New Take on Human Nature: Are Stone Age emotions are still at war with our high-tech sophistication?
Edward O. Wilson of Harvard University knows the terrifying power of the nest firsthand—and first-ankle, crook of the knee, any patch of skin that happened to be unsheathed as the eminent evolutionary biologist has crept through tropical rainforests studying some of the most aggressive ant species in the world. Ants are a wildly successful sector of nature’s bestiary, accounting for maybe a quarter of all terrestrial animal matter—the same percentage of biomass that we humans can claim. They’re found on every continent save Antarctica and in just about every possible setting, and though you may dislike ants at a picnic, you’d dislike even more a park that was scrubbed antiseptically ant-free.
As Wilson has learned through painful experience, ants will defend their nest vigorously, violently, to the death if need be; and the more elaborate the dwelling, the more ferocious the homeland security system. In the forest canopies of equatorial Africa and Asia, weaver ants construct spectacular swaglike nests of leaves stitched together with silken threads extracted from the colony’s larval ranks. Should any creature venture within smelling distance of the nests, weaver ant soldiers will boil out to bite and spray bullets of formic acid. In the Solomon Islands during World War II, Wilson writes, “marine snipers climbing into trees were said to fear weaver ants as much as they did the Japanese.”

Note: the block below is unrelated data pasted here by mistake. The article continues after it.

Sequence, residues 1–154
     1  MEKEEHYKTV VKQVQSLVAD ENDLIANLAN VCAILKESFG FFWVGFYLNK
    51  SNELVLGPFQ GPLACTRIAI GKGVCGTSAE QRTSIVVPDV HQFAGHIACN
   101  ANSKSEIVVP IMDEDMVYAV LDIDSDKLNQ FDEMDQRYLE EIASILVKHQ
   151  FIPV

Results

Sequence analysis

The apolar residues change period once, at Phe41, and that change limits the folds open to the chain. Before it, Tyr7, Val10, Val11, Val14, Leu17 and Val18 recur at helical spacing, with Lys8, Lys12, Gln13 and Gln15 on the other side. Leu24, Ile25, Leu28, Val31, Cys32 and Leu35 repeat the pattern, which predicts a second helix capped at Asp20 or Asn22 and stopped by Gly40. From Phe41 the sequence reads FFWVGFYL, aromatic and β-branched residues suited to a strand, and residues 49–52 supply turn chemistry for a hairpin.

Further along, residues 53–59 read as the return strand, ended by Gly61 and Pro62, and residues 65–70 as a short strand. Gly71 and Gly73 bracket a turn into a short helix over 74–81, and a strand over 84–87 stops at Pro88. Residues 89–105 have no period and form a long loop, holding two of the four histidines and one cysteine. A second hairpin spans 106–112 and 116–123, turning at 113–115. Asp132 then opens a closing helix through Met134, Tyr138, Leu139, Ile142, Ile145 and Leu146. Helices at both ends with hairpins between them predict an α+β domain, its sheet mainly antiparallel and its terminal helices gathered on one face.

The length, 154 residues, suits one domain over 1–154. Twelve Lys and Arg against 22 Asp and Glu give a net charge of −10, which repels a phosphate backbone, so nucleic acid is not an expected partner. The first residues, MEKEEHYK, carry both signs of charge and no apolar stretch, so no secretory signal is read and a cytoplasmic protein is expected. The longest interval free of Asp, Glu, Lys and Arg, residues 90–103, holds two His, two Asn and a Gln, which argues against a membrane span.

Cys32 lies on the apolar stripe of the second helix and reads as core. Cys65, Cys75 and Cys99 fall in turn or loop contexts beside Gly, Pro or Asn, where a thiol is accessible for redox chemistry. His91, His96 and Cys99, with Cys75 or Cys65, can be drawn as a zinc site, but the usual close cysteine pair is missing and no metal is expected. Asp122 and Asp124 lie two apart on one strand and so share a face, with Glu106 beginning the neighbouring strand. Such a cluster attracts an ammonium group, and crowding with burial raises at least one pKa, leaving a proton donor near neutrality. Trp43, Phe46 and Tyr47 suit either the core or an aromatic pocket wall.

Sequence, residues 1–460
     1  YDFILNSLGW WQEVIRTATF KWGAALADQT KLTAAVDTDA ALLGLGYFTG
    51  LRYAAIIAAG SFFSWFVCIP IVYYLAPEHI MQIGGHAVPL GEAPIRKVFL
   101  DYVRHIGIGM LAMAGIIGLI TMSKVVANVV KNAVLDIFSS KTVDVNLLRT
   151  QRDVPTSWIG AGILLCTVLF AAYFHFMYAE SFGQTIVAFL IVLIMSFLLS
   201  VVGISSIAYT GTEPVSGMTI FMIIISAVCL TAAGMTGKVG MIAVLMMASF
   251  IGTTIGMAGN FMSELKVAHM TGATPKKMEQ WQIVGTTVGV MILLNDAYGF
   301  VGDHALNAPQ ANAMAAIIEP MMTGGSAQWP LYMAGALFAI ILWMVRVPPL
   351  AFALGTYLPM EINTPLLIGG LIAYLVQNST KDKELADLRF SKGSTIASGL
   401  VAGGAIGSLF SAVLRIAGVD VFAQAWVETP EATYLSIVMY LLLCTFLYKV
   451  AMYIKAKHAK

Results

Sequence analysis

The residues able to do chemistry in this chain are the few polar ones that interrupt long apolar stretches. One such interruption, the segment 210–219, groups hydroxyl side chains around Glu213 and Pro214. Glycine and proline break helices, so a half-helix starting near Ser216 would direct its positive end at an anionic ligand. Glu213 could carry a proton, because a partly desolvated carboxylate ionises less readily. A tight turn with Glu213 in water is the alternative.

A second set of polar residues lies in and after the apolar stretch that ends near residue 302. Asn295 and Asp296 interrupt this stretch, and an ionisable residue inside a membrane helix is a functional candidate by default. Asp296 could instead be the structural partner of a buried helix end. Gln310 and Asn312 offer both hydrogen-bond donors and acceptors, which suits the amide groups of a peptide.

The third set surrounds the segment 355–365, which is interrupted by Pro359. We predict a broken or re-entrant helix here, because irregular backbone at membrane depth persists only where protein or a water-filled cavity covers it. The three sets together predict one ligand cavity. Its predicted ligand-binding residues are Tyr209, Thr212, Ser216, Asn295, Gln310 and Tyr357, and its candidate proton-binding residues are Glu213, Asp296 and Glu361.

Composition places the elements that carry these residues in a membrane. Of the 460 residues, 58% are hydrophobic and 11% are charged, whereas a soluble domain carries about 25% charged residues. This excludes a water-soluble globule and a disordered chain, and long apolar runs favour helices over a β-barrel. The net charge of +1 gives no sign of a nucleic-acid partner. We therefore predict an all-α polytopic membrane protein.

In his newly published The Social Conquest of the Earth—the 27th book from this two-time winner of the Pulitzer Prize—Wilson argues the nest is central to understanding the ecological dominance not only of ants, but of human beings, too. Ants rule the microhabitats they occupy, consigning other insects and small animals to life at the margins; humans own the macroworld, Wilson says, which we have transformed so radically and rapidly that we now qualify as a kind of geological force. How did we and the ants gain our superpowers? By being super-cooperators, groupies of the group, willing to set aside our small, selfish desires and I-minded drive to join forces and seize opportunity as a self-sacrificing, hive-minded tribe. There are plenty of social animals in the world, animals that benefit by living in groups of greater or lesser cohesiveness. Very few species, however, have made the leap from merely social to eusocial, “eu-” meaning true. To qualify as eusocial, in Wilson’s definition, animals must live in multigenerational communities, practice division of labor and behave altruistically, ready to sacrifice “at least some of their personal interests to that of the group.” It’s tough to be a eusocialist. Wouldn’t you rather just grab, gulp and go? Yet the payoffs of sustained cooperation can be huge. Eusociality, Wilson writes, “was one of the major innovations in the history of life,” comparable to the conquest of land by aquatic animals, or the invention of wings or flowers. Eusociality, he argues, “created superorganisms, the next level of biological complexity above that of organisms.” The spur to that exalted state, he says, was always a patch of prized real estate, a focal point luring group members back each day and pulling them closer together until finally they called it home. “All animal species that have achieved eusociality, without exception, at first built nests that they defended from enemies,” Wilson writes. An anthill. A beehive. A crackling campfire around which the cave kids could play, the cave elders stay and the buffalo strips blacken all day. Trespassers, of course, would be stoned on sight.